Boro Park Residents Speak Out Against Upzoning in Borough Hall Hearing

(Pictures courtesy of Gifter Photos)

By Matis Glenn

A crowd of Boro Park residents attended a hearing Monday in Brooklyn’s Borough Hall to voice their concerns over a planned upzoning of a lot to accommodate a large structure.

A Staten Island developer hopes to transform the lot, located on 57th Street between 12th and 13th Avenues, into a large building for residential rental units and medical offices, with an underground parking garage.

Residents say that the new building will further exacerbate traffic, cut parking spaces, cause safety concerns, and drive up housing costs.

Any proposed upzoning requires the approval of the City Council, after going through three public hearings – first through the local Community Board, then the Borough President, and finally the city Planning Board. However, only the City Council has the power to make a decision regarding approval of the proposal.

Monday’s event was attended by Brooklyn Borough President Antonio Reynoso. In late April, the proposal was heard at Community Board 12, where all but one of the 38-member panel voted against it. One attendant at the meeting told Hamodia that the room was packed with residents who were vehemently opposed to the plans.

The area is currently under an R5 zone, which allows the building of three-story buildings. Previously, the area was populated with five single-family houses. Under the proposed plans, the zone would be upgraded by two levels, to R6A, which allows construction of buildings up to nine floors. The developer had originally proposed an eight-floor structure, but lowered it to five floors amid backlash from community members.

A quarter of the housing units are required to be used for affordable housing, which the project’s architect told photojournalist Shimon Gifter means around half of market value. He says that means $45 per square foot, translating to around $80,000 a year for a 2,000 square foot, five-bedroom apartment. The architect also said that the housing in the building will be mainly three, four, and five-bedroom units.

David, a resident of the neighborhood since 1975, said at the hearing “I don’t know where he (the speaker) gets his information.. I don’t believe he’s been in the neighborhood from 8 to 11 a.m., and from 3 to 7 p.m., where he can blatantly say that there are reports which say that the neighborhood can handle the traffic. I don’t know which neighborhood he got that report from…Sometimes it can take you 20 minutes to go five blocks by car.”

Another resident, a driving instructor, said that he spends eight hours on the road in Boro Park everyday, and invited the Borough President to come to the neighborhood and see for themselves how “it’s impossible to add more cars and traffic to the area.”

Speaking about the plan’s affect on parking, David said, “Everyone knows there are no parking spaces in the area. You can see that from taking a study on how many tickets the city gets every day and every night in our neighborhood.”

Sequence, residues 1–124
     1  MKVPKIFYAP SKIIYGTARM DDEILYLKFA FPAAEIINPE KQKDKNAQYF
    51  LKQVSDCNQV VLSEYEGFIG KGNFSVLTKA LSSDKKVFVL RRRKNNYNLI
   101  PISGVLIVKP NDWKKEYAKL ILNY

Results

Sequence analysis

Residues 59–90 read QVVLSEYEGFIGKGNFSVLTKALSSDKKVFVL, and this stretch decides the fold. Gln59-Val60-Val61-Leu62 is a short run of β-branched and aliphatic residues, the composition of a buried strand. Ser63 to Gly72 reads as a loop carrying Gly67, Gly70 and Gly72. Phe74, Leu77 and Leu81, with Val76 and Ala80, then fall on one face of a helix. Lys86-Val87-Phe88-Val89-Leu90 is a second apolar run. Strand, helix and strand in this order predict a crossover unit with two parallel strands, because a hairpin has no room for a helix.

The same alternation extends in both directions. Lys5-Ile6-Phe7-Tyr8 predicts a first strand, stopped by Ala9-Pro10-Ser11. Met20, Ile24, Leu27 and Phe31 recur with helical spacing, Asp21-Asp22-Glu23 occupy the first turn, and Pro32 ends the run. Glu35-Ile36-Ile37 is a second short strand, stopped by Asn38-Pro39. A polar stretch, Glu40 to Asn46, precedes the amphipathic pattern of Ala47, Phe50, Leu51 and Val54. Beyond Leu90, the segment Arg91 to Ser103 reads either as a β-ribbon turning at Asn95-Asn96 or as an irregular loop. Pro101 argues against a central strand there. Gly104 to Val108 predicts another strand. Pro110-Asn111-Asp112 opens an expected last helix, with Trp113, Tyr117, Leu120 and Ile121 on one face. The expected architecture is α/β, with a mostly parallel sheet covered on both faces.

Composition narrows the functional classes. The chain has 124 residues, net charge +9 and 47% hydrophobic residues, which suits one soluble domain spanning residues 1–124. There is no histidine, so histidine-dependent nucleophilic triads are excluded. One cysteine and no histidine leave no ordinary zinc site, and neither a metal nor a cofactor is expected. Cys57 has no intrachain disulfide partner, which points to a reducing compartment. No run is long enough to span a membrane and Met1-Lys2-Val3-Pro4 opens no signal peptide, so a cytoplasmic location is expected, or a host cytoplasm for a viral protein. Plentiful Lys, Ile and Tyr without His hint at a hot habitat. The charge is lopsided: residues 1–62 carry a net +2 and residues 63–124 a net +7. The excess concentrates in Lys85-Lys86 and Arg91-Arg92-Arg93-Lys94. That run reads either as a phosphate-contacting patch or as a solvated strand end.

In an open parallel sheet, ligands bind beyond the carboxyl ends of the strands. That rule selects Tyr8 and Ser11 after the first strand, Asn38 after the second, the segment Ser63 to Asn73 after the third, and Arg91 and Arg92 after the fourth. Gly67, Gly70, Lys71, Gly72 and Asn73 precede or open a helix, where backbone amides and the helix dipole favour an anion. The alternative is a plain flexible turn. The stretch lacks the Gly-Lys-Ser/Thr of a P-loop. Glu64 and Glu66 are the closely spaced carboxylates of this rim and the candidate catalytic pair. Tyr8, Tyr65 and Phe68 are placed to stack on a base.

The developer plans on building 46 units, with 52 parking spaces.

“He said he’s going to put 52 parking spots; are these people going to be restricted to use only those spots, or are they going to take our spots? That’s never going to happen, they’re going to park on the street, running in and out, and there are no spots there,” David continued.

A property owner who owns many houses in the area raised the concern of street safety at the hearing. “If there are two more entrances on a small block where cars will come and go, children will be in danger. When we have 800 busses picking up and dropping off…we don’t need another 52 cars, G-d forbid one life of a small child can be taken.” 

A source familiar with Hatzalah’s operations told Hamodia that 57th Street is strategically used by ambulances as a thru-route, as it is near an ambulance garage on 57th and 11th Avenue. A Maimonides clinic, which often transports patients to the hospital, is around the corner. Under the proposed plan, cars would be pulling in the underground garage and leaving onto the street often, which could interfere with Hatzalah’s system.

Richard Lobel, an attorney for the developer, addressed the issue of traffic in an interview with Gifter. Lobel explained that all upzoning proposals require the submission of an environmental assessment statement that analyzes factors in the area, including car counts, street width, public transportation, and other contributing factors, which are meant to determine the impact construction will have on the neighborhood. Lobel says that his submission indicates that there will not be a detrimental effect on parking in the area.

Lobel says that his team is open to compromise, which could mean a shorter building with either smaller or fewer units. 

The project’s architect said that the building is being designed to cater to Orthodox Jews, including provisions for every unit to accommodate a sukkah.

Opponents of the plan say that there’s no guarantee that the developer will follow through on such promises, or keep his word on how tall the building will be, once his zoning bid is approved.

The architect also responded to residents’ concerns that the building will make parking more difficult, while acknowledging that traffic in the area is “a mess.” He says that the building will limit itself to two entrances for its underground garage, traversing the structure, which he says will leave enough room on the street to park.

The plan is being reviewed by Reynoso, and public comments can be emailed to until May 19.

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